Friday, January 25, 2008

Stocks: Classic Bear Signals?

Stocks Show Classic Bear Signals,
And This Time, Impact Is Global

By E.S. Browning And Joanna Slater, WSJ | 23 January 2008

A classic bear market starts with a period of exuberance. Then a downturn hits one part of the market, and gradually, the losses spread even to strong companies. A prolonged grind begins.

It happened in the 1970s, when an oil embargo helped puncture the
"nifty fifty" big-company stocks, and again in 2001, when the bursting of the Internet bubble caused a broad decline. Now, investors shaken by two days of severe volatility
[['severe volatility' is the latest euphemism for stocks generally tanking: normxxx]] fear another bear market— only this time, it would fully span the globe.

Even as some world-wide markets recovered yesterday on the back of the Federal Reserve's interest-rate cut, the losses have put some markets already in bear territory by the traditional definition of a
20% drop from a high.

The Russell 2000 small-stock index, bank-stock indexes and the Dow Jones Transportation Average already are down more than 20% from last year's highs. So are benchmark indexes from Switzerland to Taiwan to Chile.

The Nasdaq Composite Index fell 2.04% yesterday and now is 19.8% off last year's high. The Dow Jones Industrial Average is 15.5% below last October's record. Indexes in India and China are getting close to the 20% mark.

Some investors don't think a lengthy bear market is upon us. They believe the worst may be over as the Fed moves aggressively to prop up the U.S. economy. Yesterday, markets around the world bounced back, with
London rising 2.9% and Brazil 4.5%. Tokyo shares were up more than 3% in trading this [Wednesday] morning. The Dow Jones Industrial Average recovered significantly from big losses shortly after the opening bell, though it still finished the day down a little more than 1%.

Working Out Distortions

Bears see a much longer working-out of the distortions that developed this decade as the U.S., along with many other nations, went through a burst of housing exuberance. Home prices surged far beyond historic levels relative to income. Stocks in home builders, mortgage companies and financial institutions cashing in on the boom as all benefited.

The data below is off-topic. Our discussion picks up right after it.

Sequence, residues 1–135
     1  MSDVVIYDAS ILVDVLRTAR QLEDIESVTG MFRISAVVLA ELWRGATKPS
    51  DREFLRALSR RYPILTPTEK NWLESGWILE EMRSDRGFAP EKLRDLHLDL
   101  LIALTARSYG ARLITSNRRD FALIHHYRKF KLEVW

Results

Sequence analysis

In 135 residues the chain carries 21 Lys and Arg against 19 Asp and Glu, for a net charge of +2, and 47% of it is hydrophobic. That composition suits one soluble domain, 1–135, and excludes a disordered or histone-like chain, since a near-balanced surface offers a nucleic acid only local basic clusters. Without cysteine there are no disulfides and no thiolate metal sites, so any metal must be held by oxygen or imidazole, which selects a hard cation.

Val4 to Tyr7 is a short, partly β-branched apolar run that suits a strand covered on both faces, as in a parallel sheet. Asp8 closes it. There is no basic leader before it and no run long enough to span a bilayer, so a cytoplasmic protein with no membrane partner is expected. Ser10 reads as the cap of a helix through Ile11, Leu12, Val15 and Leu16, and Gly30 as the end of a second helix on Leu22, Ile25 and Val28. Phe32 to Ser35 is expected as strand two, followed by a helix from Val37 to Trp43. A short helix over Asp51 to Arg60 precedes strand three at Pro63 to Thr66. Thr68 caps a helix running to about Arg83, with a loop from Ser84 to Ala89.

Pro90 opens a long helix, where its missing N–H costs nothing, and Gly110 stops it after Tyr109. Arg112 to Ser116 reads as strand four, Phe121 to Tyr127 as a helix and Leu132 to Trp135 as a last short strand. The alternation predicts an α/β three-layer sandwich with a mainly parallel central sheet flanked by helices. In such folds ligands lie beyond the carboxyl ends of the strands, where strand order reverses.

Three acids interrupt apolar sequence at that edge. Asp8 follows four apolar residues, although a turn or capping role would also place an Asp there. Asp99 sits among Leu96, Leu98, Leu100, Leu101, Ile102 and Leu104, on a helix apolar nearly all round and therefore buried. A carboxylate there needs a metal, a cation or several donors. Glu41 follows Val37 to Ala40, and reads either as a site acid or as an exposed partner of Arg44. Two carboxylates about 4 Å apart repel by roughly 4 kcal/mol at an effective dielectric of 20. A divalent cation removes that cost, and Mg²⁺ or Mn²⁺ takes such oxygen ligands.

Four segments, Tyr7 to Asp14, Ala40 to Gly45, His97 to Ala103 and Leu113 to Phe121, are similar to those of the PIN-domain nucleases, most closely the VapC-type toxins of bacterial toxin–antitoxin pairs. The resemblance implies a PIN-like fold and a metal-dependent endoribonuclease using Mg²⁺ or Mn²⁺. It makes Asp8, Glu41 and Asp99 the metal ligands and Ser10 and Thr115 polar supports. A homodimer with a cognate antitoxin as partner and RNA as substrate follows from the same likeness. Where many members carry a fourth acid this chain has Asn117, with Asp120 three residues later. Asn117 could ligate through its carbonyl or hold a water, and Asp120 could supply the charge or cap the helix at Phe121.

Confident U.S. consumers fed— and were fed by— a broader boom abroad, particularly in developing markets such as China and India. Exports from Asian countries excluding Japan grew to 55% of their total economic output in 2005 from 45% in 2001, according to the Asian Development Bank. The lion's share of those exports— about 60%— end up in the U.S., Europe and Japan.

"We are all still tied together one way or another, either psychologically or through trade," said Hans Utsch, who manages the $10.5 billion Federated Kaufmann Fund, which focuses on U.S. midcap stocks but also has 15% of its portfolio in Indian shares. "Only if you're living in a dream world do you say, 'I'm immune.'"

The current market looks a lot like the beginning of past bear markets, said Paul Desmond, president of market-research firm Lowry's Reports in North Palm Beach, Fla. First, the most troubled stocks decline— home builders and financial stocks in the current case— and then others gradually get hit, including small stocks, retailers and technology stocks. Finally, even stocks of strong companies are affected.